A Thanksgiving plate of mealworm stuffing, wax worm cranberry sauce and cricket pumpkin pie will be available for sampling at the Audubon Butterfly Garden and Insectarium in New Orleans this week.
Credit: Audubon Butterfly Garden and Insectarium in New Orleans
Mealworms, wax worms and crickets may not be obvious choices for Turkey Day, but at a special event this week, bug aficionados can taste new, insect-y twists on Thanksgiving staples such as pumpkin pie and cranberry sauce.
The Audubon Butterfly Garden and Insectarium in New Orleans is cooking up insect-filled Thanksgiving treats at their cafe, called Bug Appétit, this Tuesday (Nov. 26) and Wednesday (Nov. 27).
The Thanksgiving snacks will include a mealworm-filled cornbread stuffing, wax worm cranberry sauce and a dessert of cricket pumpkin pie, said Jayme Necaise, director of animal and visitor programs at the museum. Patrons will be offered samples of treats, along with a small cube of turkey. Those who like what they tried can ask for seconds. [See Images of the Buggy Treats]
Insects are chock-full of protein and nutrients such as iron and magnesium, and unlike beef or pork, most bugs require little energy, water or space to raise. Harvesting bugs such as grasshoppers from crops can be an easy way to reduce pesticide use. As a result, many experts believe that raising insects for food will be a key, environmentally friendly way to feed the 11 billion people on the planet by 2100.
The insectarium routinely serves bugs to its patrons in dishes such as mealworm-filled six-legged salsa and "chocolate chirp" cookies, which are made with crickets.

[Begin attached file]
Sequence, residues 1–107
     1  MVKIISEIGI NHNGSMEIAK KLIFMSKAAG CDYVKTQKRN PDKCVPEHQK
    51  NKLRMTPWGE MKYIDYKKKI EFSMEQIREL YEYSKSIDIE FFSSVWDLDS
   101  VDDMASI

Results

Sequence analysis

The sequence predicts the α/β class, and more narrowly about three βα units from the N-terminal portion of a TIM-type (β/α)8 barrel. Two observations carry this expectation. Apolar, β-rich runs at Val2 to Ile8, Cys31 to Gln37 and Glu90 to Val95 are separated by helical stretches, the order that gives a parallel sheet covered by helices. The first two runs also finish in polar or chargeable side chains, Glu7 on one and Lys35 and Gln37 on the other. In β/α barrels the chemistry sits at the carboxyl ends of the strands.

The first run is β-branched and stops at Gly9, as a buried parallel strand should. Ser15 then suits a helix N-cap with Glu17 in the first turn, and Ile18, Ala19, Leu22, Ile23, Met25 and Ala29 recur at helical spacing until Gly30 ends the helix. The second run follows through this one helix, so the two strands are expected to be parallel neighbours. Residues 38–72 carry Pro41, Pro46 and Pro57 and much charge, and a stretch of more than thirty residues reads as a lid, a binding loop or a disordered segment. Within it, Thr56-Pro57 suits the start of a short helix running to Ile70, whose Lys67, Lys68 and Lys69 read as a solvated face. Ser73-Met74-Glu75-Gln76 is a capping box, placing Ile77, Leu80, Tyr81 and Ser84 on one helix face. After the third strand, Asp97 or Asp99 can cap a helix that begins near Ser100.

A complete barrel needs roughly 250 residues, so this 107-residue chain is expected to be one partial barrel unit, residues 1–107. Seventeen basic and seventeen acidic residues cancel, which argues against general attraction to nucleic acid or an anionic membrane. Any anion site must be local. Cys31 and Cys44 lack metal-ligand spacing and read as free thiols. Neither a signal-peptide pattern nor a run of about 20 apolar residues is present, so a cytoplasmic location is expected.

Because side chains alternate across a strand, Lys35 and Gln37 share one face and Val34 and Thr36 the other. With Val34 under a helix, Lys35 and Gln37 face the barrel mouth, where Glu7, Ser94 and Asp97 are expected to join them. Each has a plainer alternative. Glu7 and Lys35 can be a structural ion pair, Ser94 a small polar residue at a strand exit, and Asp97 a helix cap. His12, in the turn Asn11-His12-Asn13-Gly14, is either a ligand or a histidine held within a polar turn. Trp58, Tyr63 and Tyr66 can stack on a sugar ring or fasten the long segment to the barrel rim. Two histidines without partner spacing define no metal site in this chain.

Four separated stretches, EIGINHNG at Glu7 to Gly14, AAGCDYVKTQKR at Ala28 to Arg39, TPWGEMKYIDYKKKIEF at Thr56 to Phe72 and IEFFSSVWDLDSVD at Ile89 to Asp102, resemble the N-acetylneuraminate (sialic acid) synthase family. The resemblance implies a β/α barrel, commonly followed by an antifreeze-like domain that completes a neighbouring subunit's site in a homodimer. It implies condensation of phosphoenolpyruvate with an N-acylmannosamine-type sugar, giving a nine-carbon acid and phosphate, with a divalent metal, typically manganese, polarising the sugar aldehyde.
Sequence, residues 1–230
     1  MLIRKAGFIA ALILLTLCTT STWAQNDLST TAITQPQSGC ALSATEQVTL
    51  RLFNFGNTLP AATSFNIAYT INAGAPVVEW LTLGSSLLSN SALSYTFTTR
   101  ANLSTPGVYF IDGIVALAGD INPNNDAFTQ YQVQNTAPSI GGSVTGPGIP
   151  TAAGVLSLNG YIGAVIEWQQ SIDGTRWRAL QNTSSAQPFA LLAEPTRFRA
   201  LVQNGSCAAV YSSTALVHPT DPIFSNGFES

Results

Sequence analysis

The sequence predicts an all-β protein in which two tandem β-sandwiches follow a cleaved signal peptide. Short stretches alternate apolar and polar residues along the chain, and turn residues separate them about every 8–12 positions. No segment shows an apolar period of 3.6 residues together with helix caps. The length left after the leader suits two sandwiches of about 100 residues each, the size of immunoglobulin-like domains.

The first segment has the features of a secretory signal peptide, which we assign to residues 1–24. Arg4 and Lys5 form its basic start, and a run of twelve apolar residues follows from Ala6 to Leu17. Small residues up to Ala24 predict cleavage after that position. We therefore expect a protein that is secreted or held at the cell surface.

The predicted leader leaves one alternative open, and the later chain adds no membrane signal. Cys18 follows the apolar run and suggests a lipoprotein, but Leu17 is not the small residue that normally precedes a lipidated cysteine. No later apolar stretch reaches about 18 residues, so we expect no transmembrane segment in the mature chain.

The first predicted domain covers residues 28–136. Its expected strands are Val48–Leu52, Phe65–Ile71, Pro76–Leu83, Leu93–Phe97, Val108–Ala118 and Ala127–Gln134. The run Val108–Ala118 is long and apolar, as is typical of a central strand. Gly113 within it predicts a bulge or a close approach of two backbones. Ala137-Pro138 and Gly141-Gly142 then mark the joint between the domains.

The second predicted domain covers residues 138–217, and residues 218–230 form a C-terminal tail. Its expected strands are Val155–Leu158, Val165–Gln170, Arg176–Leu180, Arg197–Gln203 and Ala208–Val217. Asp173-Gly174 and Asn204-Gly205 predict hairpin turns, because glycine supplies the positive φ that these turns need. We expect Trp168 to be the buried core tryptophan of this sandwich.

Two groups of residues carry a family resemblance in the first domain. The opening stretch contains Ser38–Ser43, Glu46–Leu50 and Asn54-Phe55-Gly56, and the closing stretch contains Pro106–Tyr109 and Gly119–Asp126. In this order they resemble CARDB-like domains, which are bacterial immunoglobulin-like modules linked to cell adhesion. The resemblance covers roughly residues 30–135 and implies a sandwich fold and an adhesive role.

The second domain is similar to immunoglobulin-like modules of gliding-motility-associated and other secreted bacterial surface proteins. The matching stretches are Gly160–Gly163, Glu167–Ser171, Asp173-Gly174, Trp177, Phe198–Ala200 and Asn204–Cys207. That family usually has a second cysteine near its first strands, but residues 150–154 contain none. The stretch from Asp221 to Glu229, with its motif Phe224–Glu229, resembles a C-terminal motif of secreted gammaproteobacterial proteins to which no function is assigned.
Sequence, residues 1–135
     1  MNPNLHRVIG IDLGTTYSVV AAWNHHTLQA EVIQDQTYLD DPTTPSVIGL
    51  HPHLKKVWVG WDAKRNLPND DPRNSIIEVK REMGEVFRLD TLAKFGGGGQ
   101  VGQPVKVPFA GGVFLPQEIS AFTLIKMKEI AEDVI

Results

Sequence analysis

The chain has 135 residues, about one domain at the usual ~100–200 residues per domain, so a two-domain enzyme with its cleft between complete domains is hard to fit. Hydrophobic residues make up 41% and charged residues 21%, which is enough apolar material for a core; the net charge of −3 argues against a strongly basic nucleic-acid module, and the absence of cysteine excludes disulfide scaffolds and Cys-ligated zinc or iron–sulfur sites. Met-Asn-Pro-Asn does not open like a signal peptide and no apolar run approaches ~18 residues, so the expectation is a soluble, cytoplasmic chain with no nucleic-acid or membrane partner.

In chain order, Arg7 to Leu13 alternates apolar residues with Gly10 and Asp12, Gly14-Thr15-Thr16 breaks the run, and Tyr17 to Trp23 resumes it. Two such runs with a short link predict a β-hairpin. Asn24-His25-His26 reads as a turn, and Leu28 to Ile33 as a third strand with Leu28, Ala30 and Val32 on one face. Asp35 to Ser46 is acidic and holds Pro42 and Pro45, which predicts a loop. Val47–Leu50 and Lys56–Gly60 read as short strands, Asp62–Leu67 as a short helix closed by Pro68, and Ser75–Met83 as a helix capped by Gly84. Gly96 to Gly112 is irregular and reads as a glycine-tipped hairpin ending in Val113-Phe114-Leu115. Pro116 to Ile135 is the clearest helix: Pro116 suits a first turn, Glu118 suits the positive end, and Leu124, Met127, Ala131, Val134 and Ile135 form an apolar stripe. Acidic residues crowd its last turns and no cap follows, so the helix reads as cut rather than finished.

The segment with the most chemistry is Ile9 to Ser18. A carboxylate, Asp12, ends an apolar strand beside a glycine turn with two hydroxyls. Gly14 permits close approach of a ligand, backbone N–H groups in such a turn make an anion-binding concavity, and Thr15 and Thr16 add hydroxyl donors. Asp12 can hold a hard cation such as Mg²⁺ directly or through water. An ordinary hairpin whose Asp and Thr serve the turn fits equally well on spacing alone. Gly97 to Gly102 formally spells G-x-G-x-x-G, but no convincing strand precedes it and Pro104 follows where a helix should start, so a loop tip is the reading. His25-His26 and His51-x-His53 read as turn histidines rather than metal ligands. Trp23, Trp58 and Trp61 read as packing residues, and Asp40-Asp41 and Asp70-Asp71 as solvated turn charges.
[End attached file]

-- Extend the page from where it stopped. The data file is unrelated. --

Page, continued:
"But for Thanksgiving, we wanted to kick it up a notch and do something a little special for our guests," Necaise told LiveScience.
The mealworms tend to have an earthy taste, similar to pumpernickel or other earthy breads. Wax worms, which are the larva of moths, live in beehives and eat exclusively beeswax, so they have a slightly sweet taste. Like all insects, which have an exoskeleton, the first bite is crunchy, but the inside is soft, akin to the inside of a corn kernel; the overall taste is a bit like almond paste, Necaise said.
The crickets are typically pan-roasted.
"They get very crispy and crunchy, and they taste like a dry roasted nut," with some likening their flavor to walnuts or pecans, Necaise said.
Each of the dishes are usually about 25 percent insect and 75 percent traditional ingredients, because higher percentages of bug parts could be a bit of a shock to an unaccustomed palate, Necaise said.
"If you take a mouthful of crickets, it takes a while to chew it because of the exoskeleton," Necaise said.
Hardcore bug eaters, however, can always ask for extra cricket on the side.
Humane and sanitary
The insects are purchased from commercial suppliers who raise them predominantly for the pet food industry (reptiles and birds are particular fans). The bugs are raised in sanitary conditions and eat an organic diet.
"They're fed only the finest fruits and vegetables and meal bran," Necaise said.
To prepare the insects, the best option is to put them into bags in the freezer, where their metabolism slows down, they go to sleep and then eventually die painlessly, Necaise said.
Those who are interested in making their own buggy treats at home can take a look at the museum's brochures, which list suppliers for the insects and include recipes for some of their most popular dishes, Necaise said.